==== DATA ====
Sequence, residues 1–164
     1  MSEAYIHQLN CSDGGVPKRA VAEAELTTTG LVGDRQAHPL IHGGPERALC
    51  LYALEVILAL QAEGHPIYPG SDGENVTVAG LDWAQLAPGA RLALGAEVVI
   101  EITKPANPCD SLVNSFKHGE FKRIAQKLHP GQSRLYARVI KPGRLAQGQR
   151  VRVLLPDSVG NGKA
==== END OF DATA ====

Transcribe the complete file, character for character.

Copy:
Sequence, residues 1–164
     1  MSEAYIHQLN CSDGGVPKRA VAEAELTTTG LVGDRQAHPL IHGGPERALC
    51  LYALEVILAL QAEGHPIYPG SDGENVTVAG LDWAQLAPGA RLALGAEVVI
   101  EITKPANPCD SLVNSFKHGE FKRIAQKLHP GQSRLYARVI KPGRLAQGQR
   151  VRVLLPDSVG NGKA